Born and raised in Appalachia, artist Herb Roe claims kinship with south Louisiana’s isolated rural populations.

Especially the people of Courir de Mardi Gras, the traditional southwestern Cajun celebration.

But Roe doesn't just paint the costumed riders on horseback, the chicken chasing, the dancing. He lives it.

“You have to be part of it," he said with a laugh. "I run around, fall in the mud, I get whipped — they’re not as rough on me as they are on each other."

A boucherie, where a pig is butchered and just about every part turned into food, "is like going back to my childhood,” he added.

His work has an encompassing realism, the result of hundreds of photos — sometimes as many as 600 — he takes on site.

“Only a few are usable,” he said. “I look through and pick elements, and a lot of what you see is a composite, even if it looks like a single picture. It could be two taken a few seconds apart. I redraw to get perspective right.”

Roe then digitally alters the different images and sometimes draws directly on the canvas in his Lafayette studio.

“It’s very deliberative. I don’t just attack it like a monkey with a sword," he said. "You’re going for an exact thing. If I really like something, I can piece it together in an hour or two. Others take weeks or months. The actual painting goes fairly quickly.”

Roe’s painted Mardi Gras for over a decade, accruing well over 100 paintings.

His country Mardi Gras figures appear to be in motion, as in "Le fête de quémande," (the begging party), where the backdrop is misty and hazy.

What draws him to the courir (the run) is complex.

“It’s the colors, the costumes,” he said. “A lot of medieval characters survive only in these costumes. It’s Renaissance, baroque, Old World European art. Real, yet otherworldly. You’re painting what’s in front of you, but it looks like 400 years ago.”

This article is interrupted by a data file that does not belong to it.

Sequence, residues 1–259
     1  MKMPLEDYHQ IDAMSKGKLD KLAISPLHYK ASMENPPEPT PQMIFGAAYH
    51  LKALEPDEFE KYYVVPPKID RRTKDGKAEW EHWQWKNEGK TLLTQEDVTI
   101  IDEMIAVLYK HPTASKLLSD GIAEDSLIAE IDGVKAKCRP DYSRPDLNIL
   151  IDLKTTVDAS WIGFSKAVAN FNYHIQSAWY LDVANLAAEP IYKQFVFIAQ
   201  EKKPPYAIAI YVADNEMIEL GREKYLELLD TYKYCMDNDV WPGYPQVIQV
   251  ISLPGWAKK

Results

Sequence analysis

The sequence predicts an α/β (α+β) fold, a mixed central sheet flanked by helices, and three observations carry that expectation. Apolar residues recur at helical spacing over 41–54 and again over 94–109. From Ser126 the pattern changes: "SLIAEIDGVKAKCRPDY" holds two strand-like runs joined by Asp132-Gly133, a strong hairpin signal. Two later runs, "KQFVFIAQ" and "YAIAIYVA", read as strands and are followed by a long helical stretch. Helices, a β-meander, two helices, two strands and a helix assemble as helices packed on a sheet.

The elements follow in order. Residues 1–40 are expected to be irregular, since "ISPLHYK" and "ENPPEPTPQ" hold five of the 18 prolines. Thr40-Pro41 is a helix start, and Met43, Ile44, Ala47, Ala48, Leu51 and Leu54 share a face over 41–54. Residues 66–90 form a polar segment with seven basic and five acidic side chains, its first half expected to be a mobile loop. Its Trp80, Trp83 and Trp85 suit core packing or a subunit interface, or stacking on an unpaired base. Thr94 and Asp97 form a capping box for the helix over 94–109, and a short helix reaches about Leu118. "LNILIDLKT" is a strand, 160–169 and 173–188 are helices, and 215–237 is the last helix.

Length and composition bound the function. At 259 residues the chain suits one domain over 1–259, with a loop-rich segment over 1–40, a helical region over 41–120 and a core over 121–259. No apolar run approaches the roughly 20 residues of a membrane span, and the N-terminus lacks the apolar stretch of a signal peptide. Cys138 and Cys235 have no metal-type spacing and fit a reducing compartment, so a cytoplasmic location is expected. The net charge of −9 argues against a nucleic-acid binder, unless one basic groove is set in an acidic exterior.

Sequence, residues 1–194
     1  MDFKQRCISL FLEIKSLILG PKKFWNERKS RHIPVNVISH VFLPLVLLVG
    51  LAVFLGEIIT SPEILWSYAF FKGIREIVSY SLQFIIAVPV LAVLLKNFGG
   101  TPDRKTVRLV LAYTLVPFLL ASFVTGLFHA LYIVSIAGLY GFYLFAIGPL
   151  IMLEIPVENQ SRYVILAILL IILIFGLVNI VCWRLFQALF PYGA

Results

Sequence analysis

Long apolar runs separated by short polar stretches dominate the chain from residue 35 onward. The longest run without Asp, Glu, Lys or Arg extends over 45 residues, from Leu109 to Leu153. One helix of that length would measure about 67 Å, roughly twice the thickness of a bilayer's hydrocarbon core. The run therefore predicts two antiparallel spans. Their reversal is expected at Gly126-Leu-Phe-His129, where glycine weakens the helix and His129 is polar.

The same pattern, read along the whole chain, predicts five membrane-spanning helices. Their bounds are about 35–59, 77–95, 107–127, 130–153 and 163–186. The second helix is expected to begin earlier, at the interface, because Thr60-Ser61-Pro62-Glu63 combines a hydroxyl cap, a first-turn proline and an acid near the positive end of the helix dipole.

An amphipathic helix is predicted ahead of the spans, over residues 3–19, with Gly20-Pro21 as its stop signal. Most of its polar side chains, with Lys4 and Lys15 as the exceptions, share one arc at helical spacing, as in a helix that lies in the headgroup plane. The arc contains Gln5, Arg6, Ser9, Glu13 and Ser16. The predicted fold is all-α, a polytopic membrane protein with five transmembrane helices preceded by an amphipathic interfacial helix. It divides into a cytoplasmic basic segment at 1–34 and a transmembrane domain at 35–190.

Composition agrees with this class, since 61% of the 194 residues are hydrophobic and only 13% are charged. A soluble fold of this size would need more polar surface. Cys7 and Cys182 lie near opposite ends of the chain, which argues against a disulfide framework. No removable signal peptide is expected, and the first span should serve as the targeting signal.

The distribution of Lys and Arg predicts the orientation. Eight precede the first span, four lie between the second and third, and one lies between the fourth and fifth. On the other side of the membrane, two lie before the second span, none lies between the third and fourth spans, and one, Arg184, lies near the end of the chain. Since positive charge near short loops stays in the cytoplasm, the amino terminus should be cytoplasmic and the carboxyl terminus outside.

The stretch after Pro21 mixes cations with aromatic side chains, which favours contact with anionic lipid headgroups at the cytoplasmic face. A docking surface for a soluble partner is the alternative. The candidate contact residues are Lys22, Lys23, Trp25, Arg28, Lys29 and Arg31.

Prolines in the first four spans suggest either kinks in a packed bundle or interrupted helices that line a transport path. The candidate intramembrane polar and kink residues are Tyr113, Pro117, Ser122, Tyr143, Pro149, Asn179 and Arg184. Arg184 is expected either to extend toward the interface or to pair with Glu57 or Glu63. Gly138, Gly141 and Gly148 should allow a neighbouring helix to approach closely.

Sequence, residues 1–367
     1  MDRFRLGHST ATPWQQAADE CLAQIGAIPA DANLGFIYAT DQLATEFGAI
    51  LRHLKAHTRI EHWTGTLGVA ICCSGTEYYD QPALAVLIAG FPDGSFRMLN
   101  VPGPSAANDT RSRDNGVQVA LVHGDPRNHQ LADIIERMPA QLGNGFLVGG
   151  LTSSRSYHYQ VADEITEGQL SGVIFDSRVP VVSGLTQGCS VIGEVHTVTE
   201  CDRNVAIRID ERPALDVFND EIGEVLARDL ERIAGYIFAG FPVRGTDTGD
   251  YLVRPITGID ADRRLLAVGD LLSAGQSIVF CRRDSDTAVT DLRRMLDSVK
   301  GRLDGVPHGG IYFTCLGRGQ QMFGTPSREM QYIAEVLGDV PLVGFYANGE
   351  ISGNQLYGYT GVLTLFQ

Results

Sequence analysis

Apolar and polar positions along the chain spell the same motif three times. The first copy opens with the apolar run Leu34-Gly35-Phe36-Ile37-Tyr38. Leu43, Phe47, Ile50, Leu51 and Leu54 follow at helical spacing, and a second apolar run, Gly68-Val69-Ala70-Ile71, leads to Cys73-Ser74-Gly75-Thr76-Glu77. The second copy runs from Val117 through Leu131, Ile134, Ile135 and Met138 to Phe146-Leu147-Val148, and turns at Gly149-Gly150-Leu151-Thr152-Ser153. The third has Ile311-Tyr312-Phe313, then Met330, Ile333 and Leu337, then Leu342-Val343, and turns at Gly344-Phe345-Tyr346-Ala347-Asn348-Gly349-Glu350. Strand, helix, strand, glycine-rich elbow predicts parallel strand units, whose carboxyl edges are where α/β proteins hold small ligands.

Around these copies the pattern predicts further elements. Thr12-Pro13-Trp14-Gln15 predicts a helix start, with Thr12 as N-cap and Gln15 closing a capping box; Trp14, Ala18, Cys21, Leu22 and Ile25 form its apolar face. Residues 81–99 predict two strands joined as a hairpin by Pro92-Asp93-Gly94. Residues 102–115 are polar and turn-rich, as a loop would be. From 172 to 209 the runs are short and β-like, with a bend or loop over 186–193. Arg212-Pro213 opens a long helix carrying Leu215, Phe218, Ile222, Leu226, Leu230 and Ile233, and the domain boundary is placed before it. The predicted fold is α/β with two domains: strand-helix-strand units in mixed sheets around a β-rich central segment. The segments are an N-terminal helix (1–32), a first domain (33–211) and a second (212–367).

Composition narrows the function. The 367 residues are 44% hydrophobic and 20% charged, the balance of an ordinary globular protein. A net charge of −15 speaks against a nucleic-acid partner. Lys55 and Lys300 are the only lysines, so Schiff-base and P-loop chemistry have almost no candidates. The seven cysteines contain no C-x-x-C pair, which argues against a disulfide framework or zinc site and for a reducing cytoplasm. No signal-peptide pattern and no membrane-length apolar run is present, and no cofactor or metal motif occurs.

“Completely surreal,” he added.

Many of Roe's painting are large. He worked with mural artist Robert Dafford for 15 years, leaving in 2007 to pursue his own commissions and artwork.

He has exhibited in the Ogden Museum of Southern Art in New Orleans as well as other galleries in the Crescent City and Baton Rouge. Many of his paintings hang in his studio, but he also sells from his website, social media and at Festival International de Louisiane.

“People want to take the culture home,” he explained.

He also does private commissions and recently painted Charlene Richard, better known as “The Little Cajun Saint.” She died at age 12 and many believe she is a saint. The Roman Catholic Church has not approved the designation.

“It fits in with the traditional things I do," Roe said. "The guy who commissioned it is an oilfield individual, blue collar. He wanted Jesus, Mary, roses — he feels a connection, one of the local believers. When he’s in town, he visits her grave site. His plans are to do a series of prints and donate to St. Jude’s. He’s still working out how.”

In “Pray for Us Sweet Charlene,” angels flank the Immaculate Heart near the top, and the piece does indeed include Jesus and Mary, a bed of roses near the bottom. Also gazing out at the viewer are the Magi and the traditional nativity animals. Because of the disparate elements, it was hard to design.

“It’s a pretty unusual composition, a classical, realistic, Renaissance-style religious painting," Roe said. "I made it look like a devotional piece, very Italianate. It’s similar to the murals I used to do with vignettes. It wasn’t my normal work, but it was fun to do something different, you know, working outside your normal range.

“Someone giving you problems to solve.”

Roe’s Lafayette studio is equipped to accommodate his long painting days, as much as 16 to 18 hours.

“Sometimes until 3 or 4 in the morning,” he said. “There are 20, 30, 40, 50 hours, even 80 in a 2-foot by 2-foot painting. November through March, it’s 10 hours a day, six days a week."

A new body of work incorporates blackberries, mist-shrouded hills and some symbolic layers.

“It’s merging my childhood with the present,” he explained. “I’m still working it out, a pan-Southern kind of thing.”

As for this year’s impending Courir de Mardi Gras, Roe said his younger brother is coming.

"It’s going to be fun," he said.